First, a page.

Once smoking was the killer health problem in Scotland. Now comes the news from Cancer Research that around 29% of adults in Scotland are obese whereas 18% of the population continues to smoke. In the early 1980s the figures were markedly different, at around 6% and 40% respectively. That means in just four decades the country has gone from one in 16 of the population being obese to a staggering almost one in three.
Such changes have led to major shifts in disease patterns: rates of heart disease have gone down partly due to less smoking, but the prevalence of other diseases, such as diabetes, has risen significantly in the last four decades. Being overweight or obese increases risks for many conditions including chronic lung diseases, liver disease, high blood pressure, skin disorders, joint problems, sleep apnoea (when breathing is interrupted), pregnancy complications and mental health issues.
More worrying is the link between excess body fatness and many cancers, prompting a new Cancer Research campaign to highlight the issue. According to the charity’s analysis of Scotland’s 2017 health survey, excess weight causes around 190 more cases of bowel cancer than smoking in Scotland each year. The same pattern is true of cancer in the kidneys (around 130 more cases caused by excess weight than by smoking), ovaries (around 40) and liver (around 25).
Body fat and cancer
Overall, smoking remains the number one cause of cancers, but the contribution made by excess body fat is continuing to rise, and will become the most important determining factor of cancer in many high-income countries like the UK in future.
What is equally concerning is that while we are getting better at preventing – or not dying from – heart disease and stroke, we know too little about the molecular links between obesity and multiple cancers to have even begun to develop any clever medicines to interrupt this process. For now, the only way to lessen risk of cancers – and many other conditions linked to obesity – is to help people lose weight sustainably.
Of course, many of the facts above are well documented and will come as little surprise. Neither will the rising cost for the NHS of treating obesity-related illnesses, set to reach nearly £10 bn pounds by 2050. So, the million dollar question: what is the main cause for this obesity epidemic?
Is it that we are on average less active than before? Perhaps, but not by nearly enough to account for the rise in average adult weights. Boris Johnson’s recent assertion that physical activity will be the best way to tackle the epidemic has little evidence to support it.
Is it that people are greedier than they were in the 1970s? Many experts would argue not and I agree. Our biology and genes have not changed in the last 40 years or so, and few, if any, people who are obese wish to be so. Being heavy is mentally and physically challenging, affecting self-esteem and the capacity to be active.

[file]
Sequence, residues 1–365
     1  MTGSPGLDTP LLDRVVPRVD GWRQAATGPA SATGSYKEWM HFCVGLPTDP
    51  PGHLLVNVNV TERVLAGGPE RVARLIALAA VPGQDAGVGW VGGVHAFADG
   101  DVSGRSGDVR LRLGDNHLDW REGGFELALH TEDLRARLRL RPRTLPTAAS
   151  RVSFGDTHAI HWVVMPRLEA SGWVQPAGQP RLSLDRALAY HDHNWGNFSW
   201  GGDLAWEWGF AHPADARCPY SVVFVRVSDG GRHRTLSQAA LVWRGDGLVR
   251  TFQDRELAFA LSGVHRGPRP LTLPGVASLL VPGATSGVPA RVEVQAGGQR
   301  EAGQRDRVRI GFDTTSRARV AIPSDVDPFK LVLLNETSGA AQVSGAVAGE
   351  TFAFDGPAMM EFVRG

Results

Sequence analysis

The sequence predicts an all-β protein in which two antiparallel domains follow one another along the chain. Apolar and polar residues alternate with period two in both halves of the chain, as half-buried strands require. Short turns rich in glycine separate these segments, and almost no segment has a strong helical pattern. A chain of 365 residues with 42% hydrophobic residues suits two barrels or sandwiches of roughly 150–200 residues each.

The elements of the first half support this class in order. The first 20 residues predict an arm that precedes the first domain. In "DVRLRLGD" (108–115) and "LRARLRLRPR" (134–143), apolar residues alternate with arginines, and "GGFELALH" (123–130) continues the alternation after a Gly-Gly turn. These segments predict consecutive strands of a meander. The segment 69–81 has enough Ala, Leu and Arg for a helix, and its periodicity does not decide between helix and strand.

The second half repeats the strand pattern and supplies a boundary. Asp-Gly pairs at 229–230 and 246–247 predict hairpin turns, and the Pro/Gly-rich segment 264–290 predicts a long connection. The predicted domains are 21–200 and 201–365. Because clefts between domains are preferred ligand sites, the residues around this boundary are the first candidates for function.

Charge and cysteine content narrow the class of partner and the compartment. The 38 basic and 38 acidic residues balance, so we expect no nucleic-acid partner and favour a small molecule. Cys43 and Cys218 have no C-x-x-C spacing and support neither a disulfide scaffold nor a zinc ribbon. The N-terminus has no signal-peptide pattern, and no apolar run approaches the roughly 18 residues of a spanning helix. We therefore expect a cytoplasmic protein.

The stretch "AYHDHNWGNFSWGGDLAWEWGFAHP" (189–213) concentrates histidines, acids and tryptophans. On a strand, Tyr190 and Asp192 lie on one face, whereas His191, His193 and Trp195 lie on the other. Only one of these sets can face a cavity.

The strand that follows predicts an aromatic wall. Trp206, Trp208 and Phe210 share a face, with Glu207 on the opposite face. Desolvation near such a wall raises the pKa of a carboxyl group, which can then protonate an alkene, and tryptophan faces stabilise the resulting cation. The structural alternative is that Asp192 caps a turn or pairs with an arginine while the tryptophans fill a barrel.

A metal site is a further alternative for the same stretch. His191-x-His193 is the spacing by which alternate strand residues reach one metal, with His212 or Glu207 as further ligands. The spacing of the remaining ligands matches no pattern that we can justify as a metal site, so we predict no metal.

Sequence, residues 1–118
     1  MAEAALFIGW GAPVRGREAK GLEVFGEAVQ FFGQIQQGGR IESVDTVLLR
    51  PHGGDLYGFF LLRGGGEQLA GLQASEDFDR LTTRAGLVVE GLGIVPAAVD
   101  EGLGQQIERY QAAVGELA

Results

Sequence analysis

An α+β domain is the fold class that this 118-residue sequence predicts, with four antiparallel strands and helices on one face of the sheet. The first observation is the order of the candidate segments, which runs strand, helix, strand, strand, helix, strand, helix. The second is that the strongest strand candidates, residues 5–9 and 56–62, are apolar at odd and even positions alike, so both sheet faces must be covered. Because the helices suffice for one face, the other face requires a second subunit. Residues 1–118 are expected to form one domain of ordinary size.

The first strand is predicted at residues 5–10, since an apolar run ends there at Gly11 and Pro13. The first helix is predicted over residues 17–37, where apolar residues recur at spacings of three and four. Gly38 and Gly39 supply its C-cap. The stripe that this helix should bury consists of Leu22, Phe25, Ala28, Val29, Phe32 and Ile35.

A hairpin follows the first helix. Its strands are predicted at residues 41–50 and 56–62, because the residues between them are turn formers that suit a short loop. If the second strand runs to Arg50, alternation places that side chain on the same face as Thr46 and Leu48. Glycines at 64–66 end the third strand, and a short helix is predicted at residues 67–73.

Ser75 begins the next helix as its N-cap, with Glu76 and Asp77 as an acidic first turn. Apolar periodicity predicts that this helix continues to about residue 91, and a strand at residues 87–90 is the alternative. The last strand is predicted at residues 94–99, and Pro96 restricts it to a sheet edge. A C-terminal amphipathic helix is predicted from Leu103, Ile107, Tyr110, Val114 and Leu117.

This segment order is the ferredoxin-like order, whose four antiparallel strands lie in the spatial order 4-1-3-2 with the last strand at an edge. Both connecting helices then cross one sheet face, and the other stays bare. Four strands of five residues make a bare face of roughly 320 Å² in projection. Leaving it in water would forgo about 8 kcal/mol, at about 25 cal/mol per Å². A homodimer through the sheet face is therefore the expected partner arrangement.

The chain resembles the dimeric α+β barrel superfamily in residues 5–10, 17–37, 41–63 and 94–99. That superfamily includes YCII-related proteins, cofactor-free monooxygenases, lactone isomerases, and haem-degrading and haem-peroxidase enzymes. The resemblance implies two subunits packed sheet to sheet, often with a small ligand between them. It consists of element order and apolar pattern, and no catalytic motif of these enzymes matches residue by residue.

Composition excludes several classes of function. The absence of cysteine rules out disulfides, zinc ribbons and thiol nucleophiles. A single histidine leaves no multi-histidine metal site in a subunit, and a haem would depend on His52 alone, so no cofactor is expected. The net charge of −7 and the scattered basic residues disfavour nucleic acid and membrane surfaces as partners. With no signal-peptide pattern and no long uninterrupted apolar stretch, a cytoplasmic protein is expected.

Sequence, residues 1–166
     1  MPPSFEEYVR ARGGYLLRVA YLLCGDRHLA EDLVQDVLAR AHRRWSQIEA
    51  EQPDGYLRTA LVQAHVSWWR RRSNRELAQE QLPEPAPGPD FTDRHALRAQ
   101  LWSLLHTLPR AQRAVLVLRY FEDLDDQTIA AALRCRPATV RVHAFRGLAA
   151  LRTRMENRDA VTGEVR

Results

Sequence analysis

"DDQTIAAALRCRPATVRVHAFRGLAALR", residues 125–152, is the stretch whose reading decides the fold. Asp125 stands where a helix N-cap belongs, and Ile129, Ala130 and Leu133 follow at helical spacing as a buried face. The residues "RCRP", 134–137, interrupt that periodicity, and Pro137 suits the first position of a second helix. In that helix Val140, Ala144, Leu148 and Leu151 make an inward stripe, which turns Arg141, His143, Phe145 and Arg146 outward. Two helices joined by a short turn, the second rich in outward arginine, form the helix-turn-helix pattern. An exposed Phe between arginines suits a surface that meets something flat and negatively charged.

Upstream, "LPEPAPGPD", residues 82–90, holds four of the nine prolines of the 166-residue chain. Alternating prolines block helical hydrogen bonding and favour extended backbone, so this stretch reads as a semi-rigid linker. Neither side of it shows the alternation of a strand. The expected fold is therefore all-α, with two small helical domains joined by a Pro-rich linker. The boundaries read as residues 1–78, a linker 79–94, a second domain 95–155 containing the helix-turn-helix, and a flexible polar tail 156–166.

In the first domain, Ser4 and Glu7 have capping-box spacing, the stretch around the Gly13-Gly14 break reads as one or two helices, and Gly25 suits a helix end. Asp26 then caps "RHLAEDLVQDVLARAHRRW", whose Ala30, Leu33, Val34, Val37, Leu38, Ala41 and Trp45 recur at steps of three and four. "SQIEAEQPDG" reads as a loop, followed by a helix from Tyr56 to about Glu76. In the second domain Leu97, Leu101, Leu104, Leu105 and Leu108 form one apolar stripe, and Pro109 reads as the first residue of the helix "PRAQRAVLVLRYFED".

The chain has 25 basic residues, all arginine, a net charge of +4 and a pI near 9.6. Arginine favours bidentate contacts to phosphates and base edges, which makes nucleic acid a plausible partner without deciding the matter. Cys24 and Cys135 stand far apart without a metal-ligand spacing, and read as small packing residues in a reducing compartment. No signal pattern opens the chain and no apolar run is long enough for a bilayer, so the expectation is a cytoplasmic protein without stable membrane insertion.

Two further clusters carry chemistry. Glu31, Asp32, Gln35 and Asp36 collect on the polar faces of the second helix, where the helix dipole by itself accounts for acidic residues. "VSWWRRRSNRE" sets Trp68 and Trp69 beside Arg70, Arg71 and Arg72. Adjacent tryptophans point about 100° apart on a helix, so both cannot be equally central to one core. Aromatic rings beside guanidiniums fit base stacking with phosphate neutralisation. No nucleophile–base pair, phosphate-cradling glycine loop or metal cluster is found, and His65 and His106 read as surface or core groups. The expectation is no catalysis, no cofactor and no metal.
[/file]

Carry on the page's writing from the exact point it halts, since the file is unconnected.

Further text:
That said, people are eating many more calories than they did in the 1970s, even if food surveys often report the opposite. We know this because heavier people burn more calories, so to remain the same weight they must be taking in more – it’s basic physics. And this leads us to the main question: why? The answer is that we are all are more exposed to an abundance of much cheaper, calorie-dense foods full of fats, refined sugars and salt – all the things that stimulate the palate to want more. And many of us cannot resist.
On the upside
There is some good news here. We know how to help people lose weight sustainably with clear evidence that diets work as long as people stick to them. Commercial weight loss programmes also help many, as do small sustainable changes in diet – for example consuming fewer sugary and alcoholic drinks and confectionery in favour of water, diet drinks and more fruit and vegetables.
Slowly, but surely, there is also a realisation within the medical profession that people who are obese need support not shaming. Those who are obese must be encouraged to try different dietary changes and given more directive advice and encouragement.
It’s no longer enough to say to people they need to lose weight. Most know this already, but don’t know how to do it sustainably, so more information must be given. There are also new weight loss drugs on the horizon that may help people shed around 10% of their body weight or more, but of course, these are not without significant costs.
Finally, the sugar tax suggests governments in the UK and several other countries at last recognise the need to alter the food and drink environment. But on its own it will have minimal effect.
The real question is whether the government is prepared to go further and impose regulations on the food industry that really do bite: by making unhealthy foods more expensive and ensuring that healthier options are tasty and good value. Only in this way will we have a chance to make meaningful inroads to population obesity levels, and improve health and well-being across the country.
The Scottish government was among the first to impose the smoking ban, and there is no reason it could not also lead the battle against obesity. It’s not rocket science, but politically and economically, it is extremely challenging.